Cwmaman Colliery

FFORCHAMAN COLLIERY - Also known as Brown's pit. Originally founded by James Brown and Thomas Prothero (& Co.) who obtained a lease to work the coal seams from the relevant owners in 1856. This partnership sold the Fforchaman Pit in 1864 to the United Merthyr Colliery Co. Ltd., who themselves sold the colliery to the Powell Duffryn Steam Coal Company in 1868. The colliery remained under their control until the nationalisation of the coal industry in 1947 and was closed by the National Coal Board in 1965.

In addition to these major collieries two lesser and short lived ventures were attempted, these being the Fforchneol Colliery (1868-1893) and the Bedwlwyn Colliery (1865-1901).

Cwmaman Institute  
Probably the first lasting venture of its kind in the Cynon Valley, was opened in March of 1868. Originally opened as a reading room within a house provided rent-free by the Cwmaman Coal Company, it moved in 1881 to 10a Railway Terrace. In 1884 the workmen of Cwmaman Colliery agreed to a poundage scheme, whereby a half-penny in each pound of their wages would be deducted weekly in support of an expanded institution at the Tea Caddy Shop at numbers 130 and 131, Glanaman Road.
This location soon proved to be insufficient and a building committee was appointed by a public meeting in 1889. A 99-year lease for land on the Cwmneol Estate was negotiated and an architect, Thomas Roderick of Clifton Street, Aberdare and builders, Messers Powell and Mansell of Cardiff were engaged. The completed building was formally opened by Lord Aberdare on the 25th January 1892 and included a public hall with seating for 700, reading rooms, a billiard room and a caretaker's cottage.
Progress was temporarily halted when the building was destroyed by fire on the 19th April 1896. However restoration work was soon under way and the restored institute was completed by about January 1897. Later additions to the building were made in the shape of a lesser hall in 1906 and a single storey building in 1925.The Institute soon became the cultural centre of the community holding, eisteddfodau, Colliery Lodge meetings and becoming officially linked with the Cwmaman Brass Band in 1912. The library also prospered and by 1911 contained a total of 4,273 books: 3,679 in English and 594 in Welsh.

Cwmaman Institute

Above: Cwmaman Institute circa 1895 prior to the fire which completely destroyed the main building. In the middle distance (left) is Fforchaman Colliery and in between the two stacks in the far distance Cwmaman Colliery can just be made out. The new housing is still in pristine condition in the 1890's but later conditions deteriorated as the mine workings grew.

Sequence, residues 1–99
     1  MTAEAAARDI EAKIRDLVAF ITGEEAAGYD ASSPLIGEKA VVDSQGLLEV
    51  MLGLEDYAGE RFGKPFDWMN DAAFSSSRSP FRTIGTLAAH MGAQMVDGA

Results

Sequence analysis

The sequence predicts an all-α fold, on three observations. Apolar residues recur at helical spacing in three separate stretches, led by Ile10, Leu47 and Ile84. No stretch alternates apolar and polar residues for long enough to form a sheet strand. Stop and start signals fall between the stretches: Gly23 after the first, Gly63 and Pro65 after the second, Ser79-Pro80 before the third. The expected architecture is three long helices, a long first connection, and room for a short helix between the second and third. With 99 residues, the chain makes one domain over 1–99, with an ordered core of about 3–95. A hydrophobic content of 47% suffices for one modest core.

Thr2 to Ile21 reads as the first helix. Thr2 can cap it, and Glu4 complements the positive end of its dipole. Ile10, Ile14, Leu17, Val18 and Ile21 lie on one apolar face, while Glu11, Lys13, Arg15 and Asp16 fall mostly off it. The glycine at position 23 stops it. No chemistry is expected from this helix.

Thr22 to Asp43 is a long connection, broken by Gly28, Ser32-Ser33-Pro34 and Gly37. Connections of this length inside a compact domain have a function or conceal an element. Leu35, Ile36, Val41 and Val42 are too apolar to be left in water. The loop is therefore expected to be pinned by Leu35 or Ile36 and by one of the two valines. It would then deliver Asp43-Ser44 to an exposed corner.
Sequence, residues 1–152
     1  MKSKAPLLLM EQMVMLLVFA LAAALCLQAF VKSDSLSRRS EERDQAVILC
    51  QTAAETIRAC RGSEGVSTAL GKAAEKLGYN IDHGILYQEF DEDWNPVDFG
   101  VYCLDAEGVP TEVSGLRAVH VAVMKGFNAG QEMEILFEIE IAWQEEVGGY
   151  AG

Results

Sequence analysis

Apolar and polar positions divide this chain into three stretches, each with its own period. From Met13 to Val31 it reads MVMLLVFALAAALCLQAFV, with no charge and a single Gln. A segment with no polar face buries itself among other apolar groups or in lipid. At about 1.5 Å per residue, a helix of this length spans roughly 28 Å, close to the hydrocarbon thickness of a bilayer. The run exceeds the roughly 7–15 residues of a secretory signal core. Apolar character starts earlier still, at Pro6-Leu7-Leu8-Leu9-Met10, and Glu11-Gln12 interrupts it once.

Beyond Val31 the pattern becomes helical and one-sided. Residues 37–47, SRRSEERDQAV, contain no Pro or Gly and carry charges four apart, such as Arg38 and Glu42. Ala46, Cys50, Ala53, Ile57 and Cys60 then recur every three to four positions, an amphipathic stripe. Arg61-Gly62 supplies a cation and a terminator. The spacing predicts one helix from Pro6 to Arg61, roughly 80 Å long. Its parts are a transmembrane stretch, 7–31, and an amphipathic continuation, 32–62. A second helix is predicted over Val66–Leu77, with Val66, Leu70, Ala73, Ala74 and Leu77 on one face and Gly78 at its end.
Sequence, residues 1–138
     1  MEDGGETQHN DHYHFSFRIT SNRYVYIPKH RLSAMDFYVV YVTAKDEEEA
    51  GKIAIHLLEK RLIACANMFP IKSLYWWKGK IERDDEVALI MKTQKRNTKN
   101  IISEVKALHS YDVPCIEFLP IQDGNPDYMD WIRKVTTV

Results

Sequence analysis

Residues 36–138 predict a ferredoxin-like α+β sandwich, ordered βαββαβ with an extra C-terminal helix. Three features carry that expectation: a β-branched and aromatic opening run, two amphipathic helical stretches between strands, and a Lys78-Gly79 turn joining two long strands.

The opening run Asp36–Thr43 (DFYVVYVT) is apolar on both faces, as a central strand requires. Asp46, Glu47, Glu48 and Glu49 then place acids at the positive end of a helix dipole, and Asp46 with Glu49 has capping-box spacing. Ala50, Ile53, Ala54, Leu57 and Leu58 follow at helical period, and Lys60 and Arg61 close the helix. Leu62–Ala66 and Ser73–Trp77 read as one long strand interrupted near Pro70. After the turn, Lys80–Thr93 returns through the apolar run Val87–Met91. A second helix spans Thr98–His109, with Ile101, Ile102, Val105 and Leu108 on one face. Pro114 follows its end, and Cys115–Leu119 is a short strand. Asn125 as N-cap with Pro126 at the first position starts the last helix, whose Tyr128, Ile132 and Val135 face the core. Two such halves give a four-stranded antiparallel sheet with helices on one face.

The depression years saw a dramatic decrease in income from the collier's poundage scheme and in the years 1920 - 1926 the institute lost almost 83% of its income from this source. Despite this and with the aid of grants from the Miners Welfare Commission the institute played a vital role in helping to alleviate the suffering of the community. Fund raising, providing food and carrying out political work became the main features of the institute at this time.The years following the Second World War were spent in reviving the cultural life of the community. This involved not only reviving established cultural activities such as the Institute Silver Band but introducing new innovations to accommodate the changes in social patterns and values evident after World war Two. These included the introduction of a public cinema in 1954 and the opening of licensed premises in 1967.
Cultural activities were still encouraged and in particular live theatre productions began to flourish again, leading to the founding in 1972 of the Institute Theatre Group. In 1992/1993 extensive external restoration was made possible by a Welsh Office grant under its urban aid programme. Today the institute remains the busy centre of its community and although many of its functions have changed greatly it still holds firmly to the principles of community service.
© 2018 Rhondda Cynon Taf Libraries